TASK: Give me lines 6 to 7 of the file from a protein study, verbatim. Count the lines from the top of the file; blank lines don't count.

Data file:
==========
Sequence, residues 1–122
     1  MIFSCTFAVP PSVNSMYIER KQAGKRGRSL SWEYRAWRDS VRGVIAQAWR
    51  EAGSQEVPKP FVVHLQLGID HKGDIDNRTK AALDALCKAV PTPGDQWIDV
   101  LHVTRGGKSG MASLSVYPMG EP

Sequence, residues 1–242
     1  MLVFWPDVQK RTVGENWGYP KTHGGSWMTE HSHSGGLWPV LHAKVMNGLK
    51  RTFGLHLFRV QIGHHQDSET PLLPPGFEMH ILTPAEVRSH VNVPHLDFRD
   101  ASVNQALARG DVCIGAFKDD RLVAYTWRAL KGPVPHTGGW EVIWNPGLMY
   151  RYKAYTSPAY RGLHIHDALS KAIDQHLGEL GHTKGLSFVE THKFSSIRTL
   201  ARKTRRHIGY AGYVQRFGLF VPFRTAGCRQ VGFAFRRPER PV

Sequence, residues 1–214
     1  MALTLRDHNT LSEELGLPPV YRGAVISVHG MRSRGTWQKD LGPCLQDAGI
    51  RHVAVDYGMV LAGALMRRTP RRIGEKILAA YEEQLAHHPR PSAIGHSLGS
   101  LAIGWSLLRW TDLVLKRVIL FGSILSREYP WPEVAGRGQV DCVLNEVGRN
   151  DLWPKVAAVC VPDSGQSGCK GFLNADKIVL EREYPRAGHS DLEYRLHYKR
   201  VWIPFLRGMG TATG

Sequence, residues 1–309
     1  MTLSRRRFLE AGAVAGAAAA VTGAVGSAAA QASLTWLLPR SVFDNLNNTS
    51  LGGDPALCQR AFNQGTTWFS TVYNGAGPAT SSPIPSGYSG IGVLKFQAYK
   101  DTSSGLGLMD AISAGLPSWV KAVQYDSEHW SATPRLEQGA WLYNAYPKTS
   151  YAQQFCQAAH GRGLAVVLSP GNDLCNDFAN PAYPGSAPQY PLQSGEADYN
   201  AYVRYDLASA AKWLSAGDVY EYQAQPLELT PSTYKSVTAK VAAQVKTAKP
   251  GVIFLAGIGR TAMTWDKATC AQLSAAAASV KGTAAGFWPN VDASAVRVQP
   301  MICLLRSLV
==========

     1  MLVFWPDVQK RTVGENWGYP KTHGGSWMTE HSHSGGLWPV LHAKVMNGLK
    51  RTFGLHLFRV QIGHHQDSET PLLPPGFEMH ILTPAEVRSH VNVPHLDFRD